High-dimensional single cell visualization technologies are redefining the way we view and understand biological systems, particularly when identifying and analyzing cancer cells. Some cell defects on the surface or in the interior of a cell just can’t be properly evaluated in two dimensional microscopy. However, to completely visualize and quantitatively image single cells or cell clusters, the cell/cells needs to be rotated while maintaining them in the field of view of an optical microscope.
Researchers at Arizona State University have developed novel photolithographic fabrication methods and systems for hydrodynamic microvortical rotation of microparticles, live single cells or cell clusters. The use of unique 3D microchamber designs and optical trapping system produces optimal conditions in the microfluidic chip to enable rotation of the single cells or cell clusters, enabling visualization of the entire surface of the cell. Moreover, this can be done in bright-field or fluorescence mode microscopy and may also be used for 3-D tomographic imaging, to allow high resolution volumetric images.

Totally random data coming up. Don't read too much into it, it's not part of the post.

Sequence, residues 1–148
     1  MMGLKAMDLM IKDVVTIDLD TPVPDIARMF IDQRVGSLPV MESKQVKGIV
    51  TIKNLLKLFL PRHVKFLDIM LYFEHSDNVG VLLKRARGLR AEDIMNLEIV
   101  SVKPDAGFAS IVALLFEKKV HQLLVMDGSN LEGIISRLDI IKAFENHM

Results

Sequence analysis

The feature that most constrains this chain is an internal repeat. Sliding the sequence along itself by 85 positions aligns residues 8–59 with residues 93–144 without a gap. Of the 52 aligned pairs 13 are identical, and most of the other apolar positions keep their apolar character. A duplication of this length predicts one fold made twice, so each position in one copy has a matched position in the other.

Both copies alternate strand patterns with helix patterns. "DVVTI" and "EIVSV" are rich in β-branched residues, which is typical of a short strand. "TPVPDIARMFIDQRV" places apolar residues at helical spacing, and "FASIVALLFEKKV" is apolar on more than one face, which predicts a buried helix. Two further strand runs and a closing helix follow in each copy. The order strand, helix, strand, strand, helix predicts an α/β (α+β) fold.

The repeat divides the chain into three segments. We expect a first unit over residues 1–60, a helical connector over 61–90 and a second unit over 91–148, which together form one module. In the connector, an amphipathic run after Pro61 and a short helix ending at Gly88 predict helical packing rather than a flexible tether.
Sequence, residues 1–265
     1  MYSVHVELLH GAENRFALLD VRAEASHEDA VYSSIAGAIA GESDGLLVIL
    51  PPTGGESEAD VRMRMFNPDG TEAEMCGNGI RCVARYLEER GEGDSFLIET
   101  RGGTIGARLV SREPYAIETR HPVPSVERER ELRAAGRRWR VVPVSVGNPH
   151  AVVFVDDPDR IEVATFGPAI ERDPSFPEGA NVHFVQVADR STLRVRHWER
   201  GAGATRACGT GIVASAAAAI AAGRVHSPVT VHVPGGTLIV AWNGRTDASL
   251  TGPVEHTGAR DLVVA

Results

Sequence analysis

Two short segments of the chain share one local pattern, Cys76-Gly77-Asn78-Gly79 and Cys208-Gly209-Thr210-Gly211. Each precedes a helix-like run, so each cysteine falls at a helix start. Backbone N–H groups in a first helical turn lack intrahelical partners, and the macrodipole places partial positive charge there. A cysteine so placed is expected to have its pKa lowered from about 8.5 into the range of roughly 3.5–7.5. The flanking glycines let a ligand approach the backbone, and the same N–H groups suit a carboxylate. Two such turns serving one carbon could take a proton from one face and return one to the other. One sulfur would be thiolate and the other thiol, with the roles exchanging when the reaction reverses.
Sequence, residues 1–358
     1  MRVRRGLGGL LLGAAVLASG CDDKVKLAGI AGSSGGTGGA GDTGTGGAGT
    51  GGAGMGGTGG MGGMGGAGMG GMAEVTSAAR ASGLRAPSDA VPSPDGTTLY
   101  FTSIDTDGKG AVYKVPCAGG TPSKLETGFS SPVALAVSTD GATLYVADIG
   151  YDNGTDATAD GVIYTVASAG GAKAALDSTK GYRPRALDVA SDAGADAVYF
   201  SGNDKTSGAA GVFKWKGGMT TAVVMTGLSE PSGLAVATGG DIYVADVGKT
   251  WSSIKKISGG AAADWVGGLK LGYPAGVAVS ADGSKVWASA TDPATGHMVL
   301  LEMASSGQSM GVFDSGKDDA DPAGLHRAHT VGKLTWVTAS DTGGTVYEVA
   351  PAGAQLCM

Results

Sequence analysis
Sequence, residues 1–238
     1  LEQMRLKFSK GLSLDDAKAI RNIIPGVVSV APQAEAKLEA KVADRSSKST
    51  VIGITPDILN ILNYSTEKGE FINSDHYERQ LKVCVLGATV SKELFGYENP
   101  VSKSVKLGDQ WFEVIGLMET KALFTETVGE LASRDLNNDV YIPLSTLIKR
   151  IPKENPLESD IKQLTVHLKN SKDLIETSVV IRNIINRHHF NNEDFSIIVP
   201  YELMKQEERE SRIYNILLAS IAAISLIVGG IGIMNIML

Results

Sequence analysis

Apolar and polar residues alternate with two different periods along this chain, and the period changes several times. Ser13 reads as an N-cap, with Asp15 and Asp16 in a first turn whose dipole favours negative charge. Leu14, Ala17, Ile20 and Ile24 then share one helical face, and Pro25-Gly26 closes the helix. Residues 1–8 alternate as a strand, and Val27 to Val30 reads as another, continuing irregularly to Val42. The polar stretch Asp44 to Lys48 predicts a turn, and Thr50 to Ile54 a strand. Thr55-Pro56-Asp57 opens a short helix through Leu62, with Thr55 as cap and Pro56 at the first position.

Rotation of the cells about an arbitrary axis, perpendicular to the optical axis in a stable and controlled fashion allows for undistorted image acquisition and visualization of the entire cell.
- Visualization of the entire surface of a microparticle, single cell or cell cluster
- Cancer cell identification and analysis
- Studying disease progression, development, treatment and prognosis
- Investigating disease models
- mRNA/cell stress analyses
Benefits and Advantages
- Cells/clusters/microparticles can be oriented in real-time for dynamic adjustment and realignment with respect to the imaging plane
- Able to produce constant low particle velocities and bring the particle to zero velocity in less than a second
- Provides interference-free imaging on a plane parallel to the axis of rotation
- Inexpensive fabrication and assembly – utilizes variations to conventional microfluidic fabrication